vendredi, juin 30, 2006

Opinion piece in today's Inquirer by EEE

Posted on Fri, Jun. 30, 2006
In summer, taking time away - from church
Almost always late for church, my family usually has to park in the overflow lot, situated somewhere between Minnesota and Siberia. But when we pulled in one Sunday just after school had let out, it was easy to nab a choice spot, one usually owned by the virtuous and the early.
On this unseasonably hot June day, the sun beat at the sanctuary windows at St. Matthew's Lutheran Church in Chester Springs, prompting thoughts of cool ocean breezes, icy mountain lakes, and chilled spirituous concoctions best not mentioned by a member of the clergy. With barely acknowledged envy, I wondered if fellow congregants had the means and the motives to yield to similar fantasies, for many of them were nowhere in sight.
Our pastor, Chad Brekke, chose that day to give a cogent and well-reasoned sermon on the top 10 reasons to worship year round. It was an act of brave, one might even say quixotic, defiance.
In case you are curious, Brekke made an excellent case. But he wasn't even preaching to the choir: They, too, had disbanded for the summer.
Brekke diagnosed "low-grade spiritual apathy" and suburban affluenza as part of the reason why church attendance drops so precipitously during the summer.
As a former parish minister, I've worked in churches that spanned the economic spectrum from working-class urban to affluent suburban. One thing they share: Once Sunday school is over for the year, many congregants apparently decide that summer worship can be consigned to the realm of a leisure-time option. There, it occupies a priority somewhere between weeding the vegetable garden and checking out the novels on the remainder table at Barnes & Noble.
Asked about this curious phenomenon, the Rev. Michael Pearson, rector of St. Mary's Episcopal Church in Wayne, mentioned a theory promulgated by his colleague, the Rev. Jane Cornman. She contends that because our culture has lost the sense of Sabbath rest, Sunday worship has become another obligation to be crammed into an already overcrowded schedule. Cornman urged that parishioners instead consider worship as an opportunity for restoration, an opportunity to rest from obligations and worship God.
On this subject, Pearson seemed a little ambivalent, to say the least. "If I had a house at the beach," he confessed, "I'd go away for the summer, too."
Truth be told, some clergy, particularly those in large, wealthy parishes, are thrilled to join the well-heeled swells in Kennebunkport or Provence for the summer break. Developing a network of old-boy contacts not only nets them a month in a chapel of ease but allows them to leave it to their assistants to cope with the prospect of preaching to half-empty churches.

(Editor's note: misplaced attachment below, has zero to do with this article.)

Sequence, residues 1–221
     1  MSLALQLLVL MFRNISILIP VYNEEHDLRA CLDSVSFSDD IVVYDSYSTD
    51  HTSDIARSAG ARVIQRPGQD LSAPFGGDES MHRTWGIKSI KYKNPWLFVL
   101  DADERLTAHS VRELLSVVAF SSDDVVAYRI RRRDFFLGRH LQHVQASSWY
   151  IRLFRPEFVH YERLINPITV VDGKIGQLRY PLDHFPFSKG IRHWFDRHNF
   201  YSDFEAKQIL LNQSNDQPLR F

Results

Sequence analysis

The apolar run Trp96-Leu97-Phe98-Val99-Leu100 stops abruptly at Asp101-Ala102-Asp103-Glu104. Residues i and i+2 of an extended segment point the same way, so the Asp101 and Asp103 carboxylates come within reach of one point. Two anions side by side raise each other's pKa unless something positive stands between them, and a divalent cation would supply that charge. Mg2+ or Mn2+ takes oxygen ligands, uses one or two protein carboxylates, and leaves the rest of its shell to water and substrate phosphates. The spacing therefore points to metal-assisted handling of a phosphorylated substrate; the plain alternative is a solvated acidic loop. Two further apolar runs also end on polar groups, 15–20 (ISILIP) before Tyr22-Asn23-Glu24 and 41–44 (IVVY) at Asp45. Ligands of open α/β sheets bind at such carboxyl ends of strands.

My daughter's Catholic fifth-grade teacher, Margaret Brady, said that even if she was not the church organist, she would still attend church each Sunday. Friends and parishioners have told her, however, that they don't need to attend church when on vacation because when they are in the Grand Canyon or snorkeling near a barrier reef, God is present with them.
Try this common excuse - excuse me, rationale - out on a member of the clergy, and you are almost guaranteed a roll of the eyes and a skeptical grin.
"I don't see many people out there worshiping; I see them relaxing," Pearson said, asking mischievously why people get so upset about certain commandments' being broken and find it so easy to break the one about keeping the Sabbath day holy.
A chaplain from Oregon who contributes to a blog I write told me that in the summer the ranks of congregants in her local parish swell rather than drop. Many of the tourists lured to Oregon by skiing (apparently even during the summer), fishing, hiking, rock climbing, the annual Tour de Oregon, kayaking, and rafting still seem to find time to worship.
Could it be that they are so exhausted by their exertions that they are desperate to sit down for an hour?
Meanwhile, in this less spectacularly scenic area, clergy are still scratching their heads over how to bring the prodigals home for the summer. "A few weeks ago at our Fun Fair, I noticed the long lines of kids with their parents waiting for a pony ride out on the church lawn," Brekke said ruefully. "I wonder if you can rent a pony for the whole summer."
But even faithful clergy aren't immune to the urge to roam. You won't find Brekke at St. Matthew's for the next couple of weeks. He and a team of parishioners are on an annual mission trip in which they will both help out at an AIDS orphanage/school in Tanzania and experience the beauty of an African safari, wherein lies the seeds of a possible solution. Perhaps the summer pew drought would not be seen as a problem if all of the clergy simply got out of town, too.

jeudi, juin 29, 2006

Two or three dimensions of a tragedy